The Nissan Skyline GT-R turns 50 this year. And so does the famous design firm Italdesign. To commemorate the occasion, Nissan commissioned a special GT-R prototype named GT-R50. More than a show stand model, this running car will appear in public next month.
Given the timing and Nissan's vague statement that the car will debut in Europe, don't be surprised if the first time we see it is the Goodwood Festival of Speed. And while we're speculating, we'll make a wild guess that the call will appear in digital form in Gran Turismo Sport for the Sony Playstation 4, based on the fact that Nissan features heavily in the Gran Turismo franchise and the video game is a partner of Goodwood (the Festival of Speed hillclimb is featured in the previous and current iterations of the game).
A brief history
Italdesign's golden anniversary dates back to February, 1968 when Giorgetto Giugiaro and Aldo Mantovani formed the company that would eventually become Italdesign. Giugiaro and his company created too many iconic designs to list here, covering every segment of the market from city cars like the Volkswagen Golf and Fiat Panda to exotics like the BMW M1 and Lotus Espirit. Italdesign is currently owned by Volkwagen Group subsidiary Audi.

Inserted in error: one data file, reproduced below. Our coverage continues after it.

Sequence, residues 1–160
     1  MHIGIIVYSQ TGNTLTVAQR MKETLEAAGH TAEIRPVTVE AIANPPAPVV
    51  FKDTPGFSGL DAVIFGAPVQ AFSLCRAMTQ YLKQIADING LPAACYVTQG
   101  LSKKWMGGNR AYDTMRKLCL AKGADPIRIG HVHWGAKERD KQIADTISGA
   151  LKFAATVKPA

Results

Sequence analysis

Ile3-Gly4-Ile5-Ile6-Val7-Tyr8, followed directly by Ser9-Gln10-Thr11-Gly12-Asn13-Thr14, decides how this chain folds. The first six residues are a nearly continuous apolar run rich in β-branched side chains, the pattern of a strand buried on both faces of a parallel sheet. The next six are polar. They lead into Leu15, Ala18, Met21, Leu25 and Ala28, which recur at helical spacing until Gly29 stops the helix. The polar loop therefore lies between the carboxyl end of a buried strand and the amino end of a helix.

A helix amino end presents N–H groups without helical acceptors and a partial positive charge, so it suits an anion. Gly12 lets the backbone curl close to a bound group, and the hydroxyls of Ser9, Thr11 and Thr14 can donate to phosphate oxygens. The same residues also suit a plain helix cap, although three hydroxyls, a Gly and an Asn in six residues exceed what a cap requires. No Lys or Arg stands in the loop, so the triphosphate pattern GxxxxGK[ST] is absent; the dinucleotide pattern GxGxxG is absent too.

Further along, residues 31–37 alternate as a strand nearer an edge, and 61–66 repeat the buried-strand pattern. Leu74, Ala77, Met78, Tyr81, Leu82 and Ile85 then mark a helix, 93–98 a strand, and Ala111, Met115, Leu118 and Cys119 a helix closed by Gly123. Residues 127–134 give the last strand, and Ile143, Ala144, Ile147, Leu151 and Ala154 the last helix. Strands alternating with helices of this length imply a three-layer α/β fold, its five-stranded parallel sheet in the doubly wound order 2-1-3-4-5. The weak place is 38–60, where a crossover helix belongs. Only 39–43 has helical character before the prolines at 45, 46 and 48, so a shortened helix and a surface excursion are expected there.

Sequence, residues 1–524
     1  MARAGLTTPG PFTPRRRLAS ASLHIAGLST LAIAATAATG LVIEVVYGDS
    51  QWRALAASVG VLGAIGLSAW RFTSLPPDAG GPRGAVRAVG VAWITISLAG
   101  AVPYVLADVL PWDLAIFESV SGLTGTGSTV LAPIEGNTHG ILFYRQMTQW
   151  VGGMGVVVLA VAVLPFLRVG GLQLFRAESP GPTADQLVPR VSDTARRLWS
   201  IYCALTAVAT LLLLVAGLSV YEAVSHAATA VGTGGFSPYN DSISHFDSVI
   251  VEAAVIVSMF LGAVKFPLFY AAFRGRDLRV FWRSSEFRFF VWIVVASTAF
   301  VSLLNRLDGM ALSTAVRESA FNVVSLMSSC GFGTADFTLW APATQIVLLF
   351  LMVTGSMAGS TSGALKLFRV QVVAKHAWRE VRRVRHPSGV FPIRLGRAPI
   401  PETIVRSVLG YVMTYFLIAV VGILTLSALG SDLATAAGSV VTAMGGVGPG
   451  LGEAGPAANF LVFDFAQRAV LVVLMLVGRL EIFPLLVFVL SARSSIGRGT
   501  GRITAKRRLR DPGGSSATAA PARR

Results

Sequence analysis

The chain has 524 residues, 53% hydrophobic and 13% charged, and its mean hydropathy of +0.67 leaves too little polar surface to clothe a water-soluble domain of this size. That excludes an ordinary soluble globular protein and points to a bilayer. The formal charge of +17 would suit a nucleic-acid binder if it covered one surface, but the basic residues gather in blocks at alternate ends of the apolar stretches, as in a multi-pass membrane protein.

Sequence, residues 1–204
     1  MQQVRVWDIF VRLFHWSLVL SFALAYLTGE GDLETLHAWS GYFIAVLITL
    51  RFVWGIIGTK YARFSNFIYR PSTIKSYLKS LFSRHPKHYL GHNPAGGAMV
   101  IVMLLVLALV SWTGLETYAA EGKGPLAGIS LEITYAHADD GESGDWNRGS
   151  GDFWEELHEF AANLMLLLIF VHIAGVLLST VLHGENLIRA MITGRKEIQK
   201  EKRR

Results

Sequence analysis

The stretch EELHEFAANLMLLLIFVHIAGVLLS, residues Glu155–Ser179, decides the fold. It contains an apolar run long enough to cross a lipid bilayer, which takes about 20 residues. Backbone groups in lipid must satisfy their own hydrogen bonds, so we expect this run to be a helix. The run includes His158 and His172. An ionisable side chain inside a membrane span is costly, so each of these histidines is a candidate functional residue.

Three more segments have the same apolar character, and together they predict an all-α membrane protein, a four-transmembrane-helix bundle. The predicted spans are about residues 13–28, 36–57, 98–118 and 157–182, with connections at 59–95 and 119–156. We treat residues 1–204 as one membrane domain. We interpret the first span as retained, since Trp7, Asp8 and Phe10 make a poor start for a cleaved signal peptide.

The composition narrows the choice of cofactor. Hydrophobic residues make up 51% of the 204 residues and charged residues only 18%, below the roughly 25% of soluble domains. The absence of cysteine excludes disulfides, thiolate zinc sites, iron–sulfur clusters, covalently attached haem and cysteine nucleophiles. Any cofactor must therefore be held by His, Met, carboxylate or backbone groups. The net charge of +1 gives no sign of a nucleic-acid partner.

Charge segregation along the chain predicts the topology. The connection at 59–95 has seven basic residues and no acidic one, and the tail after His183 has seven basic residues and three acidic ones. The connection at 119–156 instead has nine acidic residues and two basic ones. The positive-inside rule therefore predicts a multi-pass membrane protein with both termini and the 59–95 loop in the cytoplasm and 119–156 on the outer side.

The GT-R has also been around for five decades, although not continuously. The Skyline GT-R made is first public appearance in October, 1968 at the Tokyo Motor Show. A four-year run was followed up by a single year of a second-generation model, cut short by the OPEC oil embargo.
The GT-R name returned 16 years later in 1989 with the R32-generation Skyline. For more details on the car that originated the GT-R's "Godzilla" nickname, check out our buyer's guide and drive review. R32 begat the R33 in 1995, followed by the R34 in 1999. Another gap ensued from 2002 until 2007 when the GT-R returned. That same version is still on sale today with small changes over the years, most notably a rise in power from 476 hp to the current 600 hp in the Nismo model.
The GT-R50 comes with even more oomph than the current production car, a claimed 710 hp (720 PS) and 575 lb-ft of torque. Most of that comes courtesy of upgraded turbochargers and intercoolers based on the GT3 competition model. Pistons, rods, bearings, and other engine internal are reinforced to handle the extra stress, as is the driveline and transmission.
From the front the GT-R50 looks sharp, pun not intended. The hood and redesigned headlights are brought down lower, intersecting with the gold accent that outlines a wider mouth in the lower fasica. At the rear, you can see a pronounced wing. The overall impression is both more cohesive and elegant than the current GT-R but also more aggressive.
And speaking of aggressive, check out the rear styling with the protruding taillights and, well, a whole lot of gold. We've got an entire set of photos, including interior shots, in the gallery below.
Before you ask, no, this is not the next GT-R according to Nissan design chief Alfonso Albaisa. And on that note, neither was the previous GT-R concept, 2015's Nissan Concept 2020 (part of the Vision Gran Turismo series from multiple automakers). That said, we wouldn't complain if this was the next GT-R, or if certain design elements are seen in the next-generation car.